(guest post courtesy Western Red cedar Lumber Association)
How do you restore an ageing aggregate patio in desperate need of repair? Well, you have a few options. You could remove and replace the existing concrete – but this can be quite costly and let’s face it – it’s not the greenest choice when you consider where all that old non-biodegradable material will end up (i.e. the landfill).
Alternatively, you could just fill in the cracks but this is more of a band-aid solution because you’ll still be left with unsightly seams. Or, for roughly the same price as repairing the cracks, you could build a beautiful brand new Western Red Cedar deck on top. For homeowner, Tom Waithe, the choice was clear.
“Ever since we moved in, I’ve always hated that concrete – it was always something that needed a lot of maintenance, a lot of repairs,” says Waithe. “And these cracks – they just kept on getting worse and worse. So the deck just seemed like the perfect opportunity to actually cover the really ugly mess that was happening here.”
Warmth & Workmanship
In addition to covering up a multitude of sins, this naturally beautiful deck creates a lot of warmth in Waithe’s outdoor living space. And for Tom’s contractor, Gary Karlsen, the choice to go with Real Cedar made his job easier.
“I prefer working with Western Red Cedar because it’s a nice light material,” says Karlsen of Groundforce Landscape & Stone. “It’s not as heavy as some of the other woods we’ve worked with in the past.”
Installation Pro Tips
To add even more beautiful texture, Waithe opted for an Architect Knotty grade of decking – which not only gives some added character and charm; it’s also a more budget friendly option. As a further cost-cutting measure, Karlsen suggested using 14 footers. That’s because non-standard lengths such as 10s, 14s and 18s, often cost less per linear foot compared to more common lengths such as 12s, 16s and 20s.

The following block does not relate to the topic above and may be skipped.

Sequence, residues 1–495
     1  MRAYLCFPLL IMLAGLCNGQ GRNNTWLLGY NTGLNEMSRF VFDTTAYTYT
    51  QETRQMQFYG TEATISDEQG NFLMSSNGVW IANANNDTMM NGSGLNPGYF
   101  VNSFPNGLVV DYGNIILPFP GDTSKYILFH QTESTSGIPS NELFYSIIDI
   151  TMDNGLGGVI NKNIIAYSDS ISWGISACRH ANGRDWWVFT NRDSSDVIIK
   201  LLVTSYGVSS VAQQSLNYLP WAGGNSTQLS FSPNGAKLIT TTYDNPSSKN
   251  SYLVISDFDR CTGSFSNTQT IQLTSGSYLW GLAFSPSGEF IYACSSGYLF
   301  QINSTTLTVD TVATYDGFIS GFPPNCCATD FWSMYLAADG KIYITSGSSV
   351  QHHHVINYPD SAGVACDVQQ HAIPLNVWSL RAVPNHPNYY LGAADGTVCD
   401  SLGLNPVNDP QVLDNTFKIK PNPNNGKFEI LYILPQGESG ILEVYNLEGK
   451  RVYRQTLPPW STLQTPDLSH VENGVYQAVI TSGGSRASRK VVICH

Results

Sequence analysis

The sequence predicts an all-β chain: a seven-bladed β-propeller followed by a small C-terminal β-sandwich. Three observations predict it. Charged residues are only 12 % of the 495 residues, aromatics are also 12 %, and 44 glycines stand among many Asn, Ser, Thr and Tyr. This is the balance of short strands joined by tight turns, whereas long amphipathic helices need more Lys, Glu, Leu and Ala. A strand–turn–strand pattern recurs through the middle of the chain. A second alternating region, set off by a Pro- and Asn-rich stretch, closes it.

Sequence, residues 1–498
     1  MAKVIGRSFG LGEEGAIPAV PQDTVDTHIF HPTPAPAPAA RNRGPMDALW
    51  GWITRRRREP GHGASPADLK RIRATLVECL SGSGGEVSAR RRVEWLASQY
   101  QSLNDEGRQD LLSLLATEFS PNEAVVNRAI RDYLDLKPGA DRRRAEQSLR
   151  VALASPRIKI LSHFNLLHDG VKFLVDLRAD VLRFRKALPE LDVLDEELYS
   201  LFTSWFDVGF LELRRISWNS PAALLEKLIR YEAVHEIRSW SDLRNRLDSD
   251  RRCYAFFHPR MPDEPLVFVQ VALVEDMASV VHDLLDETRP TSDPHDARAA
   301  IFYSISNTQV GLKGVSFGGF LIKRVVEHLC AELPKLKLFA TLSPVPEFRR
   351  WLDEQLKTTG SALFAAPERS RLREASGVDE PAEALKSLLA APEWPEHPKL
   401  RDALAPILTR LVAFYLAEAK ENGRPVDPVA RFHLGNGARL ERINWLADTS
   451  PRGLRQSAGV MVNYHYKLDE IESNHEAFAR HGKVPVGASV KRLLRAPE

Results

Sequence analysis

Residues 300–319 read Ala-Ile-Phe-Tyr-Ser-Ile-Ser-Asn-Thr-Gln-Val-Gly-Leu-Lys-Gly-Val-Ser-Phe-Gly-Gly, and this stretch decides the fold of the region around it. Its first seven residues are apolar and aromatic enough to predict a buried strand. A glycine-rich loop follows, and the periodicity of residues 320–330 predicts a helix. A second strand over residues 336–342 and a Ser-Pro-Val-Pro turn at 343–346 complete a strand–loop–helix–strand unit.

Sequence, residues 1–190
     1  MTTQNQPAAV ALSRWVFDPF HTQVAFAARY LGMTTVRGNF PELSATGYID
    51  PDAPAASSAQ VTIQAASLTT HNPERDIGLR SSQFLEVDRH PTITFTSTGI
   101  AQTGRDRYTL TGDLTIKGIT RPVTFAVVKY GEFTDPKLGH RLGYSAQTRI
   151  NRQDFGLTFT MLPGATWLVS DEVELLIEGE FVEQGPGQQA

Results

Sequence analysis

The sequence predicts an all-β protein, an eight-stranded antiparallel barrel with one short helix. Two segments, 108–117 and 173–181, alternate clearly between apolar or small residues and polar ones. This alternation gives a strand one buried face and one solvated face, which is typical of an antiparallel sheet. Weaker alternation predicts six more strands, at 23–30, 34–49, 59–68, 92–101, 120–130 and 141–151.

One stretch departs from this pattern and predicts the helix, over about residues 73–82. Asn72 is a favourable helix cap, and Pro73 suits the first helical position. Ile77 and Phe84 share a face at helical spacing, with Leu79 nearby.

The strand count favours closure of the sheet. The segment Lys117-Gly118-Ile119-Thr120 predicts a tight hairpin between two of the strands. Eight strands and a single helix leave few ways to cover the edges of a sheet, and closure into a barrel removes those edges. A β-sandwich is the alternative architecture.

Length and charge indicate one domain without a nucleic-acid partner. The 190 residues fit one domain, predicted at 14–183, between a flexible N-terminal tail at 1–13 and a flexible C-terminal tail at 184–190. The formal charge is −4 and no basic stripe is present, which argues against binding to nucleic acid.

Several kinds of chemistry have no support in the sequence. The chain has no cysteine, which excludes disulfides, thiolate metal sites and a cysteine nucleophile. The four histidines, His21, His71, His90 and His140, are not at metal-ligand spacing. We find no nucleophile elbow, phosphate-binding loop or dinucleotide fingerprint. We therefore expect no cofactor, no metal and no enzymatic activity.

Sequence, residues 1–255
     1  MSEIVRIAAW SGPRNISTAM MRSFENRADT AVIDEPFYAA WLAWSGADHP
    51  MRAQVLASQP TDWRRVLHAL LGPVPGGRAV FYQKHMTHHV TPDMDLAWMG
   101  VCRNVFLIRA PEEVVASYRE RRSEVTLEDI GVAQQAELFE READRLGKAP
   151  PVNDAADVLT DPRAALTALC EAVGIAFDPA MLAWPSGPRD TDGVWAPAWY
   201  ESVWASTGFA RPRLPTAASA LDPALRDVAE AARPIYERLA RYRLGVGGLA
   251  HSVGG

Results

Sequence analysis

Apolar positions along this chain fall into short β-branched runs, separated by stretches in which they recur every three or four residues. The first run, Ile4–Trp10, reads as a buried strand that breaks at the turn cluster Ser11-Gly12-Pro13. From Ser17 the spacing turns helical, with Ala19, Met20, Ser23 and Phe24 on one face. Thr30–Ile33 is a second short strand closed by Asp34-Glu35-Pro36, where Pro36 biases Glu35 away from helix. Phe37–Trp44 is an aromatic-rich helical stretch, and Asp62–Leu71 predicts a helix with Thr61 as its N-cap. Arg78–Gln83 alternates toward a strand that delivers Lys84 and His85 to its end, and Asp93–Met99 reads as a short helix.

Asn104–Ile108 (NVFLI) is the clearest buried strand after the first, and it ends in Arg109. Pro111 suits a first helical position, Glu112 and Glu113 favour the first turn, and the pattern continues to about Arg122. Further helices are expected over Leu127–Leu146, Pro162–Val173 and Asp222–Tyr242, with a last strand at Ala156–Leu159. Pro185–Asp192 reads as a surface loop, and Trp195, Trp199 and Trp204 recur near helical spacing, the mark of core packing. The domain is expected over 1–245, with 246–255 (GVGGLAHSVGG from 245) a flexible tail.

In terms of spacing, Karlsen left just under a ¼” between the boards. That’s because like all wood, Real Cedar will shrink and expand as it acclimatizes to the local environment. So depending on how humid your region is, leaving too much space could lead to unsafe gaps and too little space could lead to a lack of ventilation and debris build-up.
As for finishing, Real Cedar is pitch and resin-free which means it accepts and holds a wide range of stains and finishes. But for the lowest maintenance option, Real Cedar can be left to weather naturally without any finish at all – exactly what Tom chose to do for this particular project. A big part of that decision was to keep this project as green as possible.
“We really enjoy that there’s a sustainability factor to it all,” says Waithe. “Something more natural felt like a really good choice with the house, the backyard and the direction we’re going in with the whole neighbourhood.”
When all was said and done, Waithe saved money by building a beautiful Real Cedar deck on top of his ageing aggregate patio. And as Karlsen points out, Waithe also added significant resale value to his property.
“A home like this with a cedar deck will attract new homeowners too, actually,” says Karlsen, pointing to findings in the latest National Association of Realtors “Cost vs. Value” report.
Waithe, however, is in no rush to put his home – complete with a new and improved indoor/outdoor space – on the market any time soon.
“We’re looking forward to years and years of enjoying the beauty of this deck,” he says.